INDEPENDENT NEWS

Cablegate: Tip in Turkey: Jandarma Requests Tech Assistance,

Published: Tue 7 Dec 2004 01:49 PM
This record is a partial extract of the original cable. The full text of the original cable is not available.
UNCLAS ANKARA 006801
SIPDIS
SENSITIVE
DEPARTMENT FOR G/TIP, G, INL, INL/CTR, DRL, EUR/PGI, EUR/SE
DEPARTMENT FOR VALERIE KWOK USAID E/ECA
E.O. 12958: N/A
TAGS: KCRM PHUM PGOV SMIG PREF KWMN TU TIP IN TURKEY
SUBJECT: TIP IN TURKEY: JANDARMA REQUESTS TECH ASSISTANCE,
TRAINING FROM DEA, OTHERS
REF: A. ANK 6309
B. ANK 6692
1. (SBU) SUMMARY: A November 23-27 International Office on
Migration (IOM) TIP workshop in Adana, Turkey highlighted the
Jandarma's struggling but developing ground-level ability to
investigate and prosecute trafficking crimes. According to
IOM trainers (para 4) and TIP-NGO victim counselors
(reftels), Jandarma officers are successfully screening,
identifying, and assisting victims. Jandarma officers noted,
however, the immediate need for technical training from law
enforcement agencies with practical experience in conducting
TIP investigations, documenting evidence, and prosecuting
traffickers. Post requests G/TIP assistance in identifying
possible training opportunities for Jandarma officers. END
SUMMARY.
2. (SBU) During the November 23-27 IOM TIP workshop in Adana,
Turkey, regional Jandarma commander MGEN Abdulkadir Eryilmaz
queried AMCONS Adana PO about possible counter-trafficking
training opportunities for Jandarma officers. Eryilmaz said
that, in Turkey, drug trafficking and human trafficking are
often interrelated, and that Turkish Jandarma could
particularly benefit from U.S. Drug Enforcement Agency (DEA)
expertise and training in hands-on, technical-level, textbook
efficient investigations.
3. (U) Embassy Ankara and AMCONS Adana request G/TIP's
assistance in identifying opportunities for including Turkish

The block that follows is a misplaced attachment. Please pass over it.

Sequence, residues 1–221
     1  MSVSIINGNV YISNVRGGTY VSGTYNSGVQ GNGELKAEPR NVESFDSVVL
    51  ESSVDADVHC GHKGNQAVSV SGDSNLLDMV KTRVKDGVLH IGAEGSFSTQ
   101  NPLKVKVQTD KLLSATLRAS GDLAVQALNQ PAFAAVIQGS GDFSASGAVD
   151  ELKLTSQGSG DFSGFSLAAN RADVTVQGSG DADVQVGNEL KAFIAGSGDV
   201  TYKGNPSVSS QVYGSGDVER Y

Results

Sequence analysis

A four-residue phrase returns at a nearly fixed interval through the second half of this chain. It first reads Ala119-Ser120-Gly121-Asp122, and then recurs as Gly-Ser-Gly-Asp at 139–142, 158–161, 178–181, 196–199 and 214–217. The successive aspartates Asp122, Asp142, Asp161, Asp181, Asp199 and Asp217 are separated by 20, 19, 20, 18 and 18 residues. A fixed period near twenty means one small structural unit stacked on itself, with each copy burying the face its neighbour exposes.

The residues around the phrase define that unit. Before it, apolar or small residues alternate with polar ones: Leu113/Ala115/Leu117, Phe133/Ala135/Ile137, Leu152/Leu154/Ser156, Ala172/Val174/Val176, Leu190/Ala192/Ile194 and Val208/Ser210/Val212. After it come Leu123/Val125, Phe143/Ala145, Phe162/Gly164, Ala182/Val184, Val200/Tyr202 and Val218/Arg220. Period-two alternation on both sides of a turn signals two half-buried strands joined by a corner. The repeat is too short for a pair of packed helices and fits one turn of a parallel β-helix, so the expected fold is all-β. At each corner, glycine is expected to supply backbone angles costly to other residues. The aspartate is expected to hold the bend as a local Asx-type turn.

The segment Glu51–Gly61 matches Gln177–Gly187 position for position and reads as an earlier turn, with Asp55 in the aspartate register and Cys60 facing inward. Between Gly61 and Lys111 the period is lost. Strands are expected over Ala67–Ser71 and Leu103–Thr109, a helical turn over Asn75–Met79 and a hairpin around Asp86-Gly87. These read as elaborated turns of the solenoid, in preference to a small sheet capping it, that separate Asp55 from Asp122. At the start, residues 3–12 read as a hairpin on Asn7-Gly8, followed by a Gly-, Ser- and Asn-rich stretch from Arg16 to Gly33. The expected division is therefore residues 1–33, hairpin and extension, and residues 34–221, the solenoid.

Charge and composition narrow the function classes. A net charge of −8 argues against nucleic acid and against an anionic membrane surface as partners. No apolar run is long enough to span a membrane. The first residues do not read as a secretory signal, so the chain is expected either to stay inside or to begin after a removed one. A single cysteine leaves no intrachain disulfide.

Jandarma forces in counter-trafficking training programs
available through the DEA, FBI or other law enforcement
agencies.
4. (U) Eryilmaz opened the IOM training session, stressing
the importance of focused law enforcement efforts on illicit
trafficking issues.
BEGIN PRESS NOTES:
TURKEY - Training for Law Enforcement Leads to Rescue of
Victims of Trafficking: IOM organized training sessions for
law enforcement officers have led to the rescue of more than
100 women and girls trafficked to Turkey in 2004.
Speaking at the latest five-day session, held last week in
Adana, IOM Chief of Mission Marielle Lindstrom stressed the
role that collaboration plays between the authorities, NGOs,
and international organizations to rescue victims and assist
them to return home. "The positive case studies we heard
from the officers, where victims have been rescued and
traffickers apprehended, prove that with proper support and
training Turkish law enforcement is a serious threat to
organized crime. If we can establish a successful mechanism
to identify, rescue and refer the victims, Turkey will be of
central importance in stopping trafficking from countries in
the region."
The workshop was carried out with the support of the Central
Command of the Gendarma, with presentations from the
Ministries of Justice and Interior, international
organizations and the Embassy of Belarus. International
experts also addressed the issue of human rights, collection
of evidence, and the prosecution of traffickers.
"It is important that victims of trafficking are correctly
identified so that they are not deported as irregular
immigrants. Victims must feel safe, respected and protected
so that law enforcement can work with them to stop
trafficking," stressed Europol expert Steve Harvey.
The Adana training was funded by the US Government, with
contributions form the United Nations Population Fund.
END PRESS NOTES.
EDELMAN
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